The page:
The Humane Society counters HumaneWatch claims by stating that they “provide direct care for thousands of animals at our sanctuaries and rescue facilities”.  What is left unsaid is that these five facilities are focused on the care of wildlife and animals “rescued” from circuses, zoos, farms and laboratories.  While HSUS does not run an actual shelter, it does provide funding for many spay/neuter organizations.

Even local animal shelters and humane groups are often left wondering about the motives of HSUS.  Some small shelters have been overwhelmed with animals after well-publicized “raids” by the HSUS and feel that the Humane Society should offer more financial support.

After an amazing bust of an eight state dog fighting ring, the Humane Society of Missouri (HSMO), along with many other local groups, ended up caring for the 450 dogs rescued that day.  But, in spite of receiving extensive media attention and using images of one of the dogs as a fund-raising initiative, the HSUS did not initially contribute any monies to the dogs’ care.  Finally, after an outcry on many pet blogs, $5,000 was given to one of the rescue groups.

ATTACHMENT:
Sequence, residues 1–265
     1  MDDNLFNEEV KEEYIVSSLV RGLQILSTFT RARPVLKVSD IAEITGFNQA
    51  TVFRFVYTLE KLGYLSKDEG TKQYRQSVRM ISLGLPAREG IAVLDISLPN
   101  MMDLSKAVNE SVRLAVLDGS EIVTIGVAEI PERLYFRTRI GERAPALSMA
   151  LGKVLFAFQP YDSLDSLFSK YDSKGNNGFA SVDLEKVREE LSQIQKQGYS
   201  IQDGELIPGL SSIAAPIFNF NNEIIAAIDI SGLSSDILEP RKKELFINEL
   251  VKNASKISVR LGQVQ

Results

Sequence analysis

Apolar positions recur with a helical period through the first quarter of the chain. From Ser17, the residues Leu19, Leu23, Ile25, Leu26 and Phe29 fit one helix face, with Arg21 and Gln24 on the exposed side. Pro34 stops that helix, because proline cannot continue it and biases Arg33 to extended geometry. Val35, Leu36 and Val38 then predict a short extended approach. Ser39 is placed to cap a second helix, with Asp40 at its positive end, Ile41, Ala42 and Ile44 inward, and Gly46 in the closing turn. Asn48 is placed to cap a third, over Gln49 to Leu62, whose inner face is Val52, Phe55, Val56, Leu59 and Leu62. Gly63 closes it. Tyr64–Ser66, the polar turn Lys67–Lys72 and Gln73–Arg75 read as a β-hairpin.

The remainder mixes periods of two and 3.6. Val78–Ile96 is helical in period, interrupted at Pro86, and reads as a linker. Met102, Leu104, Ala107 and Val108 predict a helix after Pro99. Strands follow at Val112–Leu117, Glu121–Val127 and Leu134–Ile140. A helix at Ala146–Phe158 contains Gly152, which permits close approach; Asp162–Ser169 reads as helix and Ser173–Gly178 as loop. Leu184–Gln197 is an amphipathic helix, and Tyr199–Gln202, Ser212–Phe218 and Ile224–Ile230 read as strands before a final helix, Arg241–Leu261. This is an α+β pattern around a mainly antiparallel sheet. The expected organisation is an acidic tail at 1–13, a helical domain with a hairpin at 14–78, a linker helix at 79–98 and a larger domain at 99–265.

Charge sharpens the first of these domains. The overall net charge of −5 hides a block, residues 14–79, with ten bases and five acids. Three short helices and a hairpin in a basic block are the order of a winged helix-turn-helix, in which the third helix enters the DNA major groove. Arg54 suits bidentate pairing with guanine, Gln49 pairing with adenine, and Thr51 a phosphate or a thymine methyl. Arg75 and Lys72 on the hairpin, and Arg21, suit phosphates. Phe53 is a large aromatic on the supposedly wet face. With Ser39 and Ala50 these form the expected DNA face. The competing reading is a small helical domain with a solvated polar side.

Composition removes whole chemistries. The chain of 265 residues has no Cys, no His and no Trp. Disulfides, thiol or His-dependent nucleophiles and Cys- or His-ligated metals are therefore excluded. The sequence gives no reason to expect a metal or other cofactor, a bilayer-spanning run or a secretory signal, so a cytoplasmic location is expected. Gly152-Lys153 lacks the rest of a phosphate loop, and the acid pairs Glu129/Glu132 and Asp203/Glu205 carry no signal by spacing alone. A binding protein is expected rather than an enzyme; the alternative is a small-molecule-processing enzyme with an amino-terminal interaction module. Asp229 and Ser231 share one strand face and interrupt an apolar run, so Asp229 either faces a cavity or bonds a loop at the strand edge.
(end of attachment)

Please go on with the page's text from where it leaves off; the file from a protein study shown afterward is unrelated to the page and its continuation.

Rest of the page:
Still, as an animal protection organization, HSUS has done much to help criminalize abuse of animals.  Their legislative efforts have helped pass animal protection bills in almost every state.  Their lobbying and legislative experience enables them to take on larger animal welfare concerns beyond the reach of local groups.

But, critics are increasingly concerned that HSUS is transparent with how donations from millions of animal lovers are being spent.  Many who donate to HSUS see their local shelter struggle financially to care for the homeless and stray pets in their community.  They believe their donation to HSUS is going to help those animals.  Instead, it appears that the bulk of American’s donations fund efforts to make laws based on emotion rather than fact and, of course, for more fundraising.

If you wish to help your local shelter give to them directly where you know your money and your time will be used to help pets in your community.  Talk with your veterinarian or local shelter manager about what groups have the biggest needs and how you can help.  It’s the best way to insure that your donation will have the biggest impact!

You can also go down the adoption route which I have done and it is a great alternative and feels great to do so, my cat now has a great big cat condo which she loves so be sure to think about your options and help the animals that are in need.

How Much Education is Required To Become a Registered Nurse?

As you consider job opportunities in the health care, a registered nurse is a popular and rewarding option that will offer you security and mobility. Before moving forward with any program of study, it is best to be prepared. You need to know exactly what is in store for you on the road ahead and if you have the motivation to pursue a career in the challenging field of nursing. The first step is to have an understanding of the time that is involved in your course work to prepare you as a registered nurse.